There’s a scene in Nanouk Leopold’s Cobain where the titular fifteen year-old (Bas Keizer) tells his estranged, junkie mother Mia (Naomi Velissariou) that he wants to help. Her response is to ask whether she cares about what he does, the answer tragically understood before his mouth utters the word “No.” To watch her shrug her shoulders and say, “Why should you?” epitomizes love’s power and its strength in circumstances where you couldn’t be blamed for believing it didn’t exist at all. Mia has never been a mother to him and he calls her by her first name to prove it. (And don’t expect a manipulative “Mom” to be uttered either as Stienette Bosklopper’s script is uninterested in saccharine clichés). But he still can’t let her go.
Cobain is on the cusp of starting over having just been placed with a foster family—a rare thing for someone his age. But he has Mia on his mind regardless. He wants to see her before leaving and make sure she’s okay, their respective roles in this relationship flipped thanks to her addiction and his kind heart. He acts out and risks being locked up, asking for trouble as though finding some will force her to arrive. Cobain still doesn’t see how she has abandoned him and always will. He’d rather run away to bide time until she picks up her phone in a lucid state between highs, searching out those he remembers from their past that might have a line on where she is.
This journey is where he discovers she’s pregnant. Mia still has no permanent home and continues to abuse heroin, alcohol, and cigarettes while her stubbornness to be independent proves as self-destructive as always. How could Cobain not see himself when looking at her belly? How can he sit back and let her do what she did to him—or worse—to this new child? You want to scream at the screen that it’s not his problem. You want to remind him that no matter his run-ins with the law, he has potential to make something of his life by placing her in the rearview and never looking back. But he knows that’s all posturing. He knows that while he probably can’t save her, there’s hope for the baby.
The road there will obviously be bumpy. He’s so young that the only people he knows after ditching his foster home are acquaintances of his mother, good or bad. This leaves Cobain in a precarious position of desperation, one in which her old boyfriend Wickmayer (Wim Opbrouck) can take advantage by putting him to work. It’s easy to think this dynamic is good for him because it’s an escape from the albatross Mia has become and a means to earn money, but the job is pimping foreign prostitutes to truckers. The life Cobain has led thus far ensures he’s no innocent (and perhaps a bit conniving as his hormones rage), but we still empathize with his plight nonetheless. We allow him his fun knowing Mia will eventually return.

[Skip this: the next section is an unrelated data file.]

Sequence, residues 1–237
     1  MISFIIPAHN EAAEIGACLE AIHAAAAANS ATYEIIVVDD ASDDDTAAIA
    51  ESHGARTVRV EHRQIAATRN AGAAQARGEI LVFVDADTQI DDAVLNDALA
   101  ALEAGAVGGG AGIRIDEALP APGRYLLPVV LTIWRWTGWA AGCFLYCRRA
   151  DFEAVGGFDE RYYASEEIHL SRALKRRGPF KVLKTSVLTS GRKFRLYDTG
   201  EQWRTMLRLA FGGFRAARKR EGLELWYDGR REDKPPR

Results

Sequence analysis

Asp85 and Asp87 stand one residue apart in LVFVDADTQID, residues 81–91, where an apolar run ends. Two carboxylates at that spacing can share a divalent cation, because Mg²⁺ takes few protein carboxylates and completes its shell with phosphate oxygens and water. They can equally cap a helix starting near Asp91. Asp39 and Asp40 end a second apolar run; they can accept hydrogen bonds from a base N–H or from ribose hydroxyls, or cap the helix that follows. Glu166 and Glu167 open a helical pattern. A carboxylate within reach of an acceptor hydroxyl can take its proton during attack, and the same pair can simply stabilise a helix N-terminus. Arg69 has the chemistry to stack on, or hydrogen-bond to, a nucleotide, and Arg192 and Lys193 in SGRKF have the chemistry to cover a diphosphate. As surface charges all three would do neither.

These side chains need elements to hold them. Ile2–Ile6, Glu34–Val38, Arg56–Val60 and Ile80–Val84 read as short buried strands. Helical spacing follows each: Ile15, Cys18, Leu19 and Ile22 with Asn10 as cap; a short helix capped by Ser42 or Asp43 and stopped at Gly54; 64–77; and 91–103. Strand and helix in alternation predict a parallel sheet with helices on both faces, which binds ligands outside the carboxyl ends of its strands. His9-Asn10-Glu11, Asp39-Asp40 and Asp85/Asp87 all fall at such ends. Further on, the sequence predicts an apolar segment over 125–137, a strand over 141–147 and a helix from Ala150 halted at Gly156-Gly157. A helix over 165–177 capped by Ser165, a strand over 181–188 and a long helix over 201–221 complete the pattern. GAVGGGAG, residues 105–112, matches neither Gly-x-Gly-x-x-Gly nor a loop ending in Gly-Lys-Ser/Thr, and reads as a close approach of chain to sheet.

If I’m being honest, I wish she had done so earlier. The film is great at portraying its authentic emotions, but the places they come from can sometimes feel abrupt in this deliberately paced drama. There’s a feeling of immediacy at the start when he searches for Mia and yet he finds her when she picks up the phone as though it wasn’t this mission consuming his every waking moment. We catch a glimpse of her schizophrenic love for the boy, pushing him away and latching on when it suits her until he has enough and leaves—an act that makes abstract sense insofar as what we infer has happened between them but not as much in the here and now considering his previously seen abject despair.
To go from here to his time with Wickmayer is a perfect segue into a chapter where the boy can simply be, but it also allows us to forget about Mia. This is great when he rebukes her upon return, but not so much when she’s mocked behind her back and he takes offense. Perhaps the ping-ponging is authentic in situations like these, but it felt convenient as far as the plot was concerned to constantly change Cobain’s mind about how deeply devoted to Mia he is. Thankfully the interactions removed from their stilted progression are delivered without a false note. They show us how his mother has actually forfeited importance in his mind on her own. His anger only rises upon seeing her and remembering the baby.
So the whole does present a necessary sequence of events to put Cobain in the mindset the third act demands for everything to work effectively. I merely would have liked a little more to flesh out the details and not let so many peripheral characters disappear without a second thought once their roles are completed. But this is his story—one taking place during a very formidable period of his young life. Using and discarding people isn’t therefore a stretch, especially considering the woman who taught him how wields both as an art form. You could argue they are using him too so the point is moot, but I’d disagree. The finale is simply too strong to not wonder if Leopold and Bosklopper could have improved the rest.
It’s the culmination of everything that came before it and a devastating depiction of exactly what matters. The messiness of Cobain’s plans is that of a teenager in over his head, the raw exchanges between he and Mia—angry or contrite—verbalizations of the feelings Leopold captured throughout the film via drawn out reaction shots of each as the other left the frame. There’s so much history, pain, and love that’s unspoken because speaking it would be too much to bear for both. Keizer and Velissariou unforgettably render these moments overwhelming. Neither can be the one to defy their tough exterior. Neither can admit the other means more than they’ve ever been allowed to share. But just as tragedy can mar you, it can also set you free.
Cobain premiered at the Berlin International Film Festival.